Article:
As a highly specialized medical center, the University Hospital Essen must be available year-round for reliable patient treatment, with 24-hour operation times. In this way, patient-oriented, cutting-edge medicine is traditionally associated with a high consumption of energy.

SHIP helps hospitals increase efficiency, automating tasks and optimizing processes to reduce friction in the workflow — which saves energy. According to Kleesiek, IKIM reuses the energy emitted by GPUs in the data center, which also helps to make the University Hospital Essen greener.

“NVIDIA is providing all of the layers for us to get the most out of the technology, from software and hardware to training led by expert engineers,” Nensa said.

In April, NVIDIA experts hosted a workshop at IKIM, featuring lectures and hands-on training on GPU-accelerated deep learning, data science and AI in medicine. The workshop led IKIM to kickstart additional projects using AI for medicine — including a research contribution to MONAI.

In addition, IKIM is building SmartWard technology to provide an end-to-end AI-powered patient experience in hospitals, from service robots in waiting areas to automated discharge reports.

For the SmartWard project, the IKIM team is considering integrating the NVIDIA Clara Holoscan platform for medical device AI computing.

Subscribe to NVIDIA healthcare news and watch IKIM’s NVIDIA GTC session on demand.

Feature image courtesy of University of Duisburg-Essen.

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Powered Up: 5G and VR Accelerate Vehicle Battery Design

Traveling the scenic route between Wantage, a small town in Oxfordshire, and Coventry in the U.K. meanders up steep hills, past the birthplace of Shakespeare and skirts around 19th-century English bathhouses.

A project using edge computing and the world’s first 5G-enabled VR technology is enabling two engineering teams in those locales, about 70 miles apart, to collaborate as if they were in the same room.

The project is taking place at Hyperbat, the U.K.’s largest independent electric vehicle battery manufacturer. The company’s engineers are able to work simultaneously on a 1:1-scale digital twin of an EV battery.

They can immerse themselves in virtual tasks that mimic real life thanks to renders created using NVIDIA GPUs, RTX Virtual Workstation software and NVIDIA CloudXR technology. The digital transformation results in reduced inefficiencies and faster design processes.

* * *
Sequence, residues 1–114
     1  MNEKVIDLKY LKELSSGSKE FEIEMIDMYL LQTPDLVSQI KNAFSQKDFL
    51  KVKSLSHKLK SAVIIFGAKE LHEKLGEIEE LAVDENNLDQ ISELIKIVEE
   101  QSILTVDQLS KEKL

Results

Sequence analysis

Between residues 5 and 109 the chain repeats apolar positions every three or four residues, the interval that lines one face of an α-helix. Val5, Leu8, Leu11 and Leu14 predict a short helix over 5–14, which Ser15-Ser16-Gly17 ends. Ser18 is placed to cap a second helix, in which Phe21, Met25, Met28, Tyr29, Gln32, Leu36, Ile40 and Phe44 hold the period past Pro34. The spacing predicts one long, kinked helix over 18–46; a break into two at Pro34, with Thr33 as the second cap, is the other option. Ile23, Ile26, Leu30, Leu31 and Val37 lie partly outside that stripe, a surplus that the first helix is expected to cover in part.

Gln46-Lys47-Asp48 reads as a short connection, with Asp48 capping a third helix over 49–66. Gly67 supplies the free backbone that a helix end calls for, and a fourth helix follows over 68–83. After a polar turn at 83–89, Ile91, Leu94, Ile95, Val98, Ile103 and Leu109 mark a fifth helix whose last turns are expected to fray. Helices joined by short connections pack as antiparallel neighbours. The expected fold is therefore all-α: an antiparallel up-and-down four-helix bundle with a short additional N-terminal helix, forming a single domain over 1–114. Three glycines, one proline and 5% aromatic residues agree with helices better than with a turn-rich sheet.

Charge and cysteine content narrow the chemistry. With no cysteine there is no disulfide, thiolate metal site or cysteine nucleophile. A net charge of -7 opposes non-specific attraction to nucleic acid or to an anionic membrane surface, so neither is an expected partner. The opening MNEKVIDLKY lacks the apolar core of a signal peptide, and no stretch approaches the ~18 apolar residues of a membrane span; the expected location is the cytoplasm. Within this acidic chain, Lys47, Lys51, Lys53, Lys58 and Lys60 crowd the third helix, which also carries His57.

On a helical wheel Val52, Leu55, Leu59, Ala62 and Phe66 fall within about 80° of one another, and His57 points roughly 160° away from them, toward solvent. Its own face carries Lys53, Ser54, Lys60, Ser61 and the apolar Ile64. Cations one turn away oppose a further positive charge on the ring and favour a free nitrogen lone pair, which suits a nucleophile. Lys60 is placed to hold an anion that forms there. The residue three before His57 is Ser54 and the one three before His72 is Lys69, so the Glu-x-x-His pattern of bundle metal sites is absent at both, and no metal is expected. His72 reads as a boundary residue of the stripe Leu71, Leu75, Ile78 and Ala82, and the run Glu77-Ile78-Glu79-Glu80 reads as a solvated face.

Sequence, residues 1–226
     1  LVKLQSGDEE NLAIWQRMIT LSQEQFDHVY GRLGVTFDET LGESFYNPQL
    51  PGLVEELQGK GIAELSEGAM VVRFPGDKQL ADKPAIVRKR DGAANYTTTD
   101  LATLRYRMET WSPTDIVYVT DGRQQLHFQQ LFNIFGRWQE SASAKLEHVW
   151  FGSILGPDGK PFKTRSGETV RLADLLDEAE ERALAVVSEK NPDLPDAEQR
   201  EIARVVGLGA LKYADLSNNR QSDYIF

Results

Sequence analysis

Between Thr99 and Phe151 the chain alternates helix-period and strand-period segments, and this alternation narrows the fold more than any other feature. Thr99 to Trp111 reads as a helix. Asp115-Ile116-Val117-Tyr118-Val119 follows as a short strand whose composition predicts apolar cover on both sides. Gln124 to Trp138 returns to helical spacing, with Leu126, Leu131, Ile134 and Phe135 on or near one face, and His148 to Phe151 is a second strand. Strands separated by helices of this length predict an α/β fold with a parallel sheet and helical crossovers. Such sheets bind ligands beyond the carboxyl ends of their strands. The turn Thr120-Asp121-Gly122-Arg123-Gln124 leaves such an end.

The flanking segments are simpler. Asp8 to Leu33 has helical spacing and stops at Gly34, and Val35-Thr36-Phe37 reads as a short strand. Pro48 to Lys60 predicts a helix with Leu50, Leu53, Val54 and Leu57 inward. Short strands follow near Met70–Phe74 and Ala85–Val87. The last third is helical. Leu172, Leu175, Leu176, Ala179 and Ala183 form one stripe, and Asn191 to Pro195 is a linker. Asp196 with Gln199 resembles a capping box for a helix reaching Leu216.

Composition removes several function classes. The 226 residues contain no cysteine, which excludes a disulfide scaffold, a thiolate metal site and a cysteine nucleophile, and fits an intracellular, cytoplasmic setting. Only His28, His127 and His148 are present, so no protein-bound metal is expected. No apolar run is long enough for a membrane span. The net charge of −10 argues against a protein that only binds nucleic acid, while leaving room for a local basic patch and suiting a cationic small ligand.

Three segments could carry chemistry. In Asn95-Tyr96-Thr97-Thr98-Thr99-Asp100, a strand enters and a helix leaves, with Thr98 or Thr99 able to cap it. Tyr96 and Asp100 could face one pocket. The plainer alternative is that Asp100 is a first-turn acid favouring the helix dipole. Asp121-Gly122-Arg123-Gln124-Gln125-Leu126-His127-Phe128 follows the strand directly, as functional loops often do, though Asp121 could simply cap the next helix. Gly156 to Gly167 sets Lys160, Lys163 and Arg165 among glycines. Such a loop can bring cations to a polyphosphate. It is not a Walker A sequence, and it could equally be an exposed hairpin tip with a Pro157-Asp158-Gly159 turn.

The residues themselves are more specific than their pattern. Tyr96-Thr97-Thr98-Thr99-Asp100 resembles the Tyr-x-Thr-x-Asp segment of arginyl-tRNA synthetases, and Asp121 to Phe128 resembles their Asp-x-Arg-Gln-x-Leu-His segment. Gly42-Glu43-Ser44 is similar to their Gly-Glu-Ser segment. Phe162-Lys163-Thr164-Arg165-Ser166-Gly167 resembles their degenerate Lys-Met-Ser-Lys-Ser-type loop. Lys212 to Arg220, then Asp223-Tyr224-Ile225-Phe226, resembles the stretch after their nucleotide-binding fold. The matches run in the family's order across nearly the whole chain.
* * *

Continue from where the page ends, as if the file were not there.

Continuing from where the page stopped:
Working in a New Reality

The team at Hyperbat, in partnership with BT, Ericsson, the GRID Factory, Masters of Pie, Qualcomm and NVIDIA, has developed a proof of concept that uses VR to power collaborative sessions.

Using a digital twin with VR delivers greater clarity during the design process. Engineers can work together from anywhere to effectively identify and rectify errors during the vehicle battery design process, making projects more cost-effective.

“This digital twin solution at Hyperbat is the future of manufacturing,” said Marc Overton, managing director of Division X, part of BT’s Enterprise business. “It shows how a 5G private network can provide the foundation for a whole host of new technologies which can have a truly transformative effect in terms of collaboration, innovation and speeding up the manufacturing process.”

See Hyperbat’s system in action:

Masters of Pie’s collaboration engine, called Radical, delivers a real-time extended reality (XR) experience that allows design and manufacturing teams to freely interact with a 3D, lifesize model of an electric vehicle battery. This gives the Hyperbat team a single source of truth for each project — no need for numerous iterations.

The 5G-enabled VR headset, powered by the Qualcomm Snapdragon XR2 platform, gives the team an untethered experience that can be launched with just one click. Designed specifically to address all the challenges of extended reality, it doesn’t require a lengthy setup, nor the importing and exporting of data. Designers can put on their headsets and get straight to work.

Speed Is Key

5G’s ultra-low latency, deployed using an Ericsson radio and private 5G network at Hyperbat, provides faster speeds and more reliable connections, as well as immediate response times.

Combining 5G with the cloud and XR removes inefficiencies in design processes and speeds up production lines, improvements that could greatly benefit the wider manufacturing sector.